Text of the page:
I never wanted to be in sales. I only went into this field because I had an idea to start a company. The SCORE consultant I met with told me my plan wouldn’t succeed unless I learned how to sell.
Ugh! It was the last thing I wanted to hear. But I listened…and got myself a sales job at Xerox. It was brutal, hard work. Turnover was high. Lots of reps left, feeling like total losers.
Here’s why I survived — and even thrived — in this challenging profession: I was terrified of failing. Fear is a powerful motivator.
I had no backup plan. If I failed, I refused to return to teaching (my previous career). If I failed, I couldn’t start my company. I couldn’t fail.
I gave myself one year to figure it out. Just. One. Year.
Twelve months to sales success
I threw myself into learning sales. With a deadline, you do that. I took advantage of all possible learning opportunities.
I read every book on sales I could get my hands on. I even convinced my boss to start a library so I wouldn’t have to fund it myself.
I took a serious look at my colleagues and realized they weren’t geniuses. If they could do it, I certainly could.
When I was struggling, I kept reminding myself that I just hadn’t figured it out yet. YET. That’s an important word.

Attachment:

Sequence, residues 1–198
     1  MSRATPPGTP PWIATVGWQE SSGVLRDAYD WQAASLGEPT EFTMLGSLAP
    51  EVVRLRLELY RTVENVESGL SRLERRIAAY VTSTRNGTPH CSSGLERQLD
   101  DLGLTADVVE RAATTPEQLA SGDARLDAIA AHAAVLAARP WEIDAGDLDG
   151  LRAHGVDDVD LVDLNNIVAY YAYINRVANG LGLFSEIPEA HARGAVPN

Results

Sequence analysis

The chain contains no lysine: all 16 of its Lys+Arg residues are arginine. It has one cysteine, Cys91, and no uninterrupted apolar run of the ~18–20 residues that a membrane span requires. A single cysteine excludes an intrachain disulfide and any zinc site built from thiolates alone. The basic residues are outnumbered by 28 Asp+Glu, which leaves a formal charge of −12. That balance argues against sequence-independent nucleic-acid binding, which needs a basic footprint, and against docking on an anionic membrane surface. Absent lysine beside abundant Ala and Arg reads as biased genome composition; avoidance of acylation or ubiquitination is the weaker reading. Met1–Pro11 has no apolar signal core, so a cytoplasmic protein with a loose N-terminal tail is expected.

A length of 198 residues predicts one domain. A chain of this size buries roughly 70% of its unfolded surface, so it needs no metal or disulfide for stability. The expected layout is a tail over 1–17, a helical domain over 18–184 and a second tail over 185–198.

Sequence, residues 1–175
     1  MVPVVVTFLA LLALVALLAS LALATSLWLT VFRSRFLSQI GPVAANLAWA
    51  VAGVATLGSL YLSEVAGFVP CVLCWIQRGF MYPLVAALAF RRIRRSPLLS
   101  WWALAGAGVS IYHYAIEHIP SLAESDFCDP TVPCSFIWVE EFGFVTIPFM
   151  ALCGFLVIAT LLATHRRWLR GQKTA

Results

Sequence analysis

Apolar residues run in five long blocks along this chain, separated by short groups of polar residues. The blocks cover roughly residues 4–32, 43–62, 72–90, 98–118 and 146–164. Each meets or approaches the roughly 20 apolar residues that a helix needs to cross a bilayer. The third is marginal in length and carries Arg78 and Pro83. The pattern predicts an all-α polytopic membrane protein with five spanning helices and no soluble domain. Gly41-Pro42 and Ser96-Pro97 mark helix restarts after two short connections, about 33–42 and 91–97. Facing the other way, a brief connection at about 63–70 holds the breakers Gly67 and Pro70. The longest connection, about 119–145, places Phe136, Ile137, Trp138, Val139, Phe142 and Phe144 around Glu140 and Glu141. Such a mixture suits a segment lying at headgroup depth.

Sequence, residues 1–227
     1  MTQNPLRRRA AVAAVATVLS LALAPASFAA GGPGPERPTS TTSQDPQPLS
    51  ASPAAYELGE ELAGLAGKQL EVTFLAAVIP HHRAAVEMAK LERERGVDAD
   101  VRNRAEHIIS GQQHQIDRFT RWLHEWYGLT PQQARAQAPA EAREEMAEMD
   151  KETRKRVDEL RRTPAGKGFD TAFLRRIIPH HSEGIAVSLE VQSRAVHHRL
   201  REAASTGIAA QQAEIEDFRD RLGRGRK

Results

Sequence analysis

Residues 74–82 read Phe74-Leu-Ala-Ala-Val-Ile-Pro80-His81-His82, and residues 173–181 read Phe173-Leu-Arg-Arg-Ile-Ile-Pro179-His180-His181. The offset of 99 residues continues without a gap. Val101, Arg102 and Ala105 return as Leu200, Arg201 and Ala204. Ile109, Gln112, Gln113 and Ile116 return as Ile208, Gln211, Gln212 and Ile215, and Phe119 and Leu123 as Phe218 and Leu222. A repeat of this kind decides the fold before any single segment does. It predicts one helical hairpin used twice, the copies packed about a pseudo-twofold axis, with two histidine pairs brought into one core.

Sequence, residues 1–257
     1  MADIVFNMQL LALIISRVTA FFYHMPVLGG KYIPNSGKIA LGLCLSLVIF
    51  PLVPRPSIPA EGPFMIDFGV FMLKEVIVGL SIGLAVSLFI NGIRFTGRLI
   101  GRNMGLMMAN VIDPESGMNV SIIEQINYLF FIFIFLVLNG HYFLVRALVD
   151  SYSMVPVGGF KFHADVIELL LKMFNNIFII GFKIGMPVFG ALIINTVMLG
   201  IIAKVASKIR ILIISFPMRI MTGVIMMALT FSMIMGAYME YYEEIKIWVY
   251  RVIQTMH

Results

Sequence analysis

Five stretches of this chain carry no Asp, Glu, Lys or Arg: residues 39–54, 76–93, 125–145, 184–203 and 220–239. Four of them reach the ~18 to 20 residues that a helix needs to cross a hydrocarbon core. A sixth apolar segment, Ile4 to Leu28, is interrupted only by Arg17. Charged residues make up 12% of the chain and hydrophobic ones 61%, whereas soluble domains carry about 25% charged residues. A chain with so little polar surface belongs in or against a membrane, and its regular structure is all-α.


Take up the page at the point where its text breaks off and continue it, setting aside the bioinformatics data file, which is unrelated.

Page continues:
Whatever it took to succeed
I threw my pride out the door. Rather than trying to impress my boss with my smarts, I embraced my ignorance. I proactively asked for help. I wanted to know what how to eliminate problems before they occurred.
I sought feedback on my selling skills. I hated it, but I did it anyway. I listened, made changes and got better.
I listened to my colleagues’ phone conversations and made joint sales calls with them. I noted where they ran into trouble. I paid attention to what worked well. I asked tons of questions.
I borrowed other people’s brains when my own was insufficient. When stuck, I’d ask myself, “How would Jim do it?” or “What would Diane suggest?” I got smarter.
I kept going when other people quit. I learned from my successes and more importantly, when things didn’t go well.
I redefined all failures as valuable learning experiences. I had to; it was too just too painful to fail so often.
When I got good at one thing, I moved to the next area of mastery: prospecting, demoing, writing proposals… Slowly, but surely, I figured most of it out.
Committing was the key to my sales success
At the end of year one, I was 165 percent of quota. By that time, I decided I really liked sales — more than my original entrepreneurial dream.
It was challenging and ever-changing. It stretched me beyond what I thought was possible and kept me on my toes.
Over the years, I’ve used this same process a gazillion times. It works when you’re selling new products or selling to new market segments. It works when you take a new sales position and it works when you start your own company.
It just plain works. Best of all, it’s 100 percent replicable.
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